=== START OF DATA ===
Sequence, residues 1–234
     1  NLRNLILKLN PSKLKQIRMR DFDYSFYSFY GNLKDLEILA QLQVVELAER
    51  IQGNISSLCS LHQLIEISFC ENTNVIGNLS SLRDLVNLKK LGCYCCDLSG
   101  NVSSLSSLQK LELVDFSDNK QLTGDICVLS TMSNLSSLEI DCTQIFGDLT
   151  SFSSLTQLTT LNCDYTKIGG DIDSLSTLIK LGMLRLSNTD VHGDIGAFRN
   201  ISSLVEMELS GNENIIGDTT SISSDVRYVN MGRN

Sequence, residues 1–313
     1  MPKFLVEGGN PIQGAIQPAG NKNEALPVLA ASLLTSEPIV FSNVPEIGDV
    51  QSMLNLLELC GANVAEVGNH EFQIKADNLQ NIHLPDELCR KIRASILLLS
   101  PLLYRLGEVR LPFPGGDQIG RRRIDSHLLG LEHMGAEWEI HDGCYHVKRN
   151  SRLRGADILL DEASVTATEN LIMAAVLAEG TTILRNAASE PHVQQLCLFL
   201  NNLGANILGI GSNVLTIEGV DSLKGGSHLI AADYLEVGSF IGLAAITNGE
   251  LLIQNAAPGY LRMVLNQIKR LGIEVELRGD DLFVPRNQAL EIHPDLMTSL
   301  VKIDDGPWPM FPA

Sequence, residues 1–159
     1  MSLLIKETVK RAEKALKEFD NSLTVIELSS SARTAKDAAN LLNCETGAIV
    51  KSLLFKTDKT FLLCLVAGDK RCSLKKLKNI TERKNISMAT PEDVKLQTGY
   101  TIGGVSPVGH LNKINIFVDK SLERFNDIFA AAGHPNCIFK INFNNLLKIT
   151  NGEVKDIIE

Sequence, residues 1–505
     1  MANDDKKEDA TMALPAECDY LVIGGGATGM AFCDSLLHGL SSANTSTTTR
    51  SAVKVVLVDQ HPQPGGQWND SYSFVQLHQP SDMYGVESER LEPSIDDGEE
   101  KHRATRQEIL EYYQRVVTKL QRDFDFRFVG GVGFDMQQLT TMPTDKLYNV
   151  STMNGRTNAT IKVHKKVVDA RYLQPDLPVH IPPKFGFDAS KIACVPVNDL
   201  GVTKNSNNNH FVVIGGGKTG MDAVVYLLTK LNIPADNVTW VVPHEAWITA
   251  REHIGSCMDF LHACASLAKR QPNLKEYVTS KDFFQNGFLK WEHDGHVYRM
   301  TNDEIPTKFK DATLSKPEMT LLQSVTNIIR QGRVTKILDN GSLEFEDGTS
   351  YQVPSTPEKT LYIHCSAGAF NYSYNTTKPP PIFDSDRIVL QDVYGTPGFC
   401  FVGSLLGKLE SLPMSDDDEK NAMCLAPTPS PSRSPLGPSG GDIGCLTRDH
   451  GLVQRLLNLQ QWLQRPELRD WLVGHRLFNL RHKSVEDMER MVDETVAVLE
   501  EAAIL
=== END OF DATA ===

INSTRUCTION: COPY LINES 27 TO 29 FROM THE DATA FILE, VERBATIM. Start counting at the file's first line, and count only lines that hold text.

   301  TNDEIPTKFK DATLSKPEMT LLQSVTNIIR QGRVTKILDN GSLEFEDGTS
   351  YQVPSTPEKT LYIHCSAGAF NYSYNTTKPP PIFDSDRIVL QDVYGTPGFC
   401  FVGSLLGKLE SLPMSDDDEK NAMCLAPTPS PSRSPLGPSG GDIGCLTRDH